• Play game like “I Spy.” Describe something you see, like, “I spy something round on the wall that you use to tell the time.” Let your child guess what it is. Let your child describe something he sees. This helps him learn to listen and to use words to talk about what he sees.
  • Give your child 2-step directions, like “Get your coat from the closet and put it on.” Let your child tell you how to do something. Draw a picture that he describes. Write down your child’s story as she tells it. Your child will learn the power of storytelling and writing.
  • Play board games with your child. This will help him learn to follow rules and talk about the game.
  • Have your child help you plan daily activities. For example, have her make a shopping list for the grocery store. Or, let her help you plan her birthday party. Ask her opinion, and let her make choices.
  • Talk to your child in the language you are most comfortable using.

*This information is from www.asha.org

Her gentle and compassionate approach was just the connection my son needed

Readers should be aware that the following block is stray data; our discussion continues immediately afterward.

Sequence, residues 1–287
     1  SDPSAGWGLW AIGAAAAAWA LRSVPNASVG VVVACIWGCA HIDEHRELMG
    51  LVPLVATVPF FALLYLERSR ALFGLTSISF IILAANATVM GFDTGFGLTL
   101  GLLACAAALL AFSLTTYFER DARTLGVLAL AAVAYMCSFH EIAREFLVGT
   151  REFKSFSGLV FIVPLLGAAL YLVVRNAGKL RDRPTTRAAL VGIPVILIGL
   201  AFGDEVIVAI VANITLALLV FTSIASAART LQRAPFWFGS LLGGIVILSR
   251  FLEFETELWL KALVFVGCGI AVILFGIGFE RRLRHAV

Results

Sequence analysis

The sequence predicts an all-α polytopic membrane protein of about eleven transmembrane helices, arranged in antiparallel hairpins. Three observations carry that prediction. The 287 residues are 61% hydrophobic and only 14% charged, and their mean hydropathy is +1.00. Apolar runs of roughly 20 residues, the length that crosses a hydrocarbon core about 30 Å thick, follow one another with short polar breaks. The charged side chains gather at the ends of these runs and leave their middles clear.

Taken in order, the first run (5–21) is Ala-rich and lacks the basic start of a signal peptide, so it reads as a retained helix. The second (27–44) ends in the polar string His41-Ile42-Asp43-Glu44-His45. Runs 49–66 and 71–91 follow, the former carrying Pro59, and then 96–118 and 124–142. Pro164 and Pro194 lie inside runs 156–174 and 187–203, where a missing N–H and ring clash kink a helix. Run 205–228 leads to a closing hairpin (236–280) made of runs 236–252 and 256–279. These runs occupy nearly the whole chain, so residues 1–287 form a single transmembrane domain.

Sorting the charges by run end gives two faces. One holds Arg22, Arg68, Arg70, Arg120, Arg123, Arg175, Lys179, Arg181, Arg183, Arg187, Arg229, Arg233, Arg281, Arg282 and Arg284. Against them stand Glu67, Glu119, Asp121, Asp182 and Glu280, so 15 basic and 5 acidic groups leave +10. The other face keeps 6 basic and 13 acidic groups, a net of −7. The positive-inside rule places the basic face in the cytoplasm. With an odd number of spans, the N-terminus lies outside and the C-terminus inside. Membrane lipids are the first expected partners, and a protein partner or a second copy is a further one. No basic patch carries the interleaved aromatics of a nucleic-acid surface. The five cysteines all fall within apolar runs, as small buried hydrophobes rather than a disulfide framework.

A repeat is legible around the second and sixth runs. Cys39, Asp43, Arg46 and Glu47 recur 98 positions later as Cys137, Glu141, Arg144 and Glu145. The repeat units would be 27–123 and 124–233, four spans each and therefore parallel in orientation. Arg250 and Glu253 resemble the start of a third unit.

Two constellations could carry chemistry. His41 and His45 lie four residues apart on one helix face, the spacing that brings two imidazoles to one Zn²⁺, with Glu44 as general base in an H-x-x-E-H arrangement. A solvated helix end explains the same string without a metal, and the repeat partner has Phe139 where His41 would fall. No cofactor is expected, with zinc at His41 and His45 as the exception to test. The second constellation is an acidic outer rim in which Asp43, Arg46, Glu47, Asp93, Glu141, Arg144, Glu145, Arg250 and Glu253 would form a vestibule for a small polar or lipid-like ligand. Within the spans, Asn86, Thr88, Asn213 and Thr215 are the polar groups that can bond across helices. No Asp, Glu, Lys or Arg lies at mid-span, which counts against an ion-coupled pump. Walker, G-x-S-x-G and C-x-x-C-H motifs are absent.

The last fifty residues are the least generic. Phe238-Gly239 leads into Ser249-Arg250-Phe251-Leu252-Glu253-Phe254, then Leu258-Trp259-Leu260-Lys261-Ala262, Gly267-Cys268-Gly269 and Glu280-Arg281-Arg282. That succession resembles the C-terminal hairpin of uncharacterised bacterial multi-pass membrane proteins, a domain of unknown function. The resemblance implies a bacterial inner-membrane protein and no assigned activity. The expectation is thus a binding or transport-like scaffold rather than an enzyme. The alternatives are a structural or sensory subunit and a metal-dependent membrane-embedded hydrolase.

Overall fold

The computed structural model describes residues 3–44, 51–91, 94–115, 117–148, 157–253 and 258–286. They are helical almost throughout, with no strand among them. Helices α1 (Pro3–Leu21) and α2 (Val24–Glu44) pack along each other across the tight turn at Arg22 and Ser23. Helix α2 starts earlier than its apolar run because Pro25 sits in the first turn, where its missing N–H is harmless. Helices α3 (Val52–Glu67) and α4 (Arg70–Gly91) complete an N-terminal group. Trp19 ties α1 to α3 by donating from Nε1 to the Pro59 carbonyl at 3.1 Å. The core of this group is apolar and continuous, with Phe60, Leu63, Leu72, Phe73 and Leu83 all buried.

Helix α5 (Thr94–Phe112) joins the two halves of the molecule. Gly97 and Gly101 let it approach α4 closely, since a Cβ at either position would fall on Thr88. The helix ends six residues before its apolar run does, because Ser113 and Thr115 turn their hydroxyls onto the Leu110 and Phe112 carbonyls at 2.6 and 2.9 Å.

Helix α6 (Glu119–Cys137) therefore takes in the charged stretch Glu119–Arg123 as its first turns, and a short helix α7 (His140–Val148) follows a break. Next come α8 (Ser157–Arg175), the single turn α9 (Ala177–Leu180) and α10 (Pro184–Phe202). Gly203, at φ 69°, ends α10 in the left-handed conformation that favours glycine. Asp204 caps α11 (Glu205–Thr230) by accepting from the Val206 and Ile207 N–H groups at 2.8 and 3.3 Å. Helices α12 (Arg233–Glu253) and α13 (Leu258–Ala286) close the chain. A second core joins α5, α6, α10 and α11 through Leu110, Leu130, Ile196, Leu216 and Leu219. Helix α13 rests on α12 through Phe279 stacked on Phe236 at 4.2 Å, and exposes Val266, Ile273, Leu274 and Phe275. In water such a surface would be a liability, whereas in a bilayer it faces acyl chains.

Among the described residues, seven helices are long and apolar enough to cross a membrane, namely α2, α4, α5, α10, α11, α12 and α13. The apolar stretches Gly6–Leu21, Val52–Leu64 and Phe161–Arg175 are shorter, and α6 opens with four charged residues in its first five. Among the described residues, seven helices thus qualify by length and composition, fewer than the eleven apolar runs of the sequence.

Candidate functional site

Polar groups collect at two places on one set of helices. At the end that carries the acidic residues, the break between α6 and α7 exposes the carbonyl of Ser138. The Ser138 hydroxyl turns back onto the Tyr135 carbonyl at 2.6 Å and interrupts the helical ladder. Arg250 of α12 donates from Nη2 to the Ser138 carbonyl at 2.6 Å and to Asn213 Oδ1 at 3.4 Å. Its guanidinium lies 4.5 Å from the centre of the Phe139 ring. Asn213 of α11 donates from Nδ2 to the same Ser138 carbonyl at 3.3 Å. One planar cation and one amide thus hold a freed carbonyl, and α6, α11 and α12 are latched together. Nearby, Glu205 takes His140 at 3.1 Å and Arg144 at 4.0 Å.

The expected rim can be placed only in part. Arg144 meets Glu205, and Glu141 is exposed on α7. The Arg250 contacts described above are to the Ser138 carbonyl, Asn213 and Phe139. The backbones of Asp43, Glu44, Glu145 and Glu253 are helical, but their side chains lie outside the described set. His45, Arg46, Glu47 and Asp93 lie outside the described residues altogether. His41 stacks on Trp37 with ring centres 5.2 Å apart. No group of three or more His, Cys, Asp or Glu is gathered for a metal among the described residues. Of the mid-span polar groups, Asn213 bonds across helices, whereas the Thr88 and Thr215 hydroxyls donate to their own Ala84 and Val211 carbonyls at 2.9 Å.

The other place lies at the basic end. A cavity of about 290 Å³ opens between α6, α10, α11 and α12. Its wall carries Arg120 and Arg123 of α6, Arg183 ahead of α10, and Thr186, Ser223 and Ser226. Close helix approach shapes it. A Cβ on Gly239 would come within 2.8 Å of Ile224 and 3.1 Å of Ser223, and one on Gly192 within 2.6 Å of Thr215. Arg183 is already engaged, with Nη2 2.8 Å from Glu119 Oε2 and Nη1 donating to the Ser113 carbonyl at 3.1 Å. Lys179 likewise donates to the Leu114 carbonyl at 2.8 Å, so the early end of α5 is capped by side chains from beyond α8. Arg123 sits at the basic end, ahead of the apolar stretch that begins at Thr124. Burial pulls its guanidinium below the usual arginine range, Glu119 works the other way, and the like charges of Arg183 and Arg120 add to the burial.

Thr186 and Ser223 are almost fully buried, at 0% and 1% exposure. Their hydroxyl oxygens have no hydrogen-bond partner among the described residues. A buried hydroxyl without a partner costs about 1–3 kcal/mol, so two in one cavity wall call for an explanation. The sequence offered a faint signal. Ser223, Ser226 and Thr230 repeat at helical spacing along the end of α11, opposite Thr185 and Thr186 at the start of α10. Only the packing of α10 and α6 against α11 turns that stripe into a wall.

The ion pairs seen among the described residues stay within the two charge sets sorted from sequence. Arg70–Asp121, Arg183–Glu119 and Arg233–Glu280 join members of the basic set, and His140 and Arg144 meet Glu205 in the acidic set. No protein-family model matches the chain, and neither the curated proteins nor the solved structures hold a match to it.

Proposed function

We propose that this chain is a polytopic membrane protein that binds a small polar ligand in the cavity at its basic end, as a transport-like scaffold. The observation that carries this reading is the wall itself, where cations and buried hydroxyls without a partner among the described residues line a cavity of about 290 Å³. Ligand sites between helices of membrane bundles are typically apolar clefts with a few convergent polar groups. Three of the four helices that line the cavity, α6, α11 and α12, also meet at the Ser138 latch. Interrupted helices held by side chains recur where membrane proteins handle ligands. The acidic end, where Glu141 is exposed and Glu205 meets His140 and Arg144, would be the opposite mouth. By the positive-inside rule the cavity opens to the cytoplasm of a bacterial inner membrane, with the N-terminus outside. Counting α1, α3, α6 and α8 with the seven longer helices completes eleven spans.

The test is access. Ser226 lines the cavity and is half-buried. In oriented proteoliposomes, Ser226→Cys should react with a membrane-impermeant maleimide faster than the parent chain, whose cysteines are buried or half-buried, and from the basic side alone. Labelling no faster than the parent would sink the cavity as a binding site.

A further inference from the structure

My son Finnian was diagnosed with autism at age 3 and was non verbal. I remember being so scared and stressed about Finn’s future until I met his team of teachers and therapists. Miss Brooke was my son Finn’s speech therapist in his EC Pre-K classroom. She was amazing with Finn and supportive to me. Her gentle and compassionate approach was just the connection my son needed to feel safe and grow. One of my favorite qualities of Miss Brooke is her genuine enthusiasm when working with my son. I will always be grateful for her twinkling eyes and contagious smile when discussing my son’s progress and growth. Thank you Miss Brooke!

Molly M

 

Does Your Child Need Help?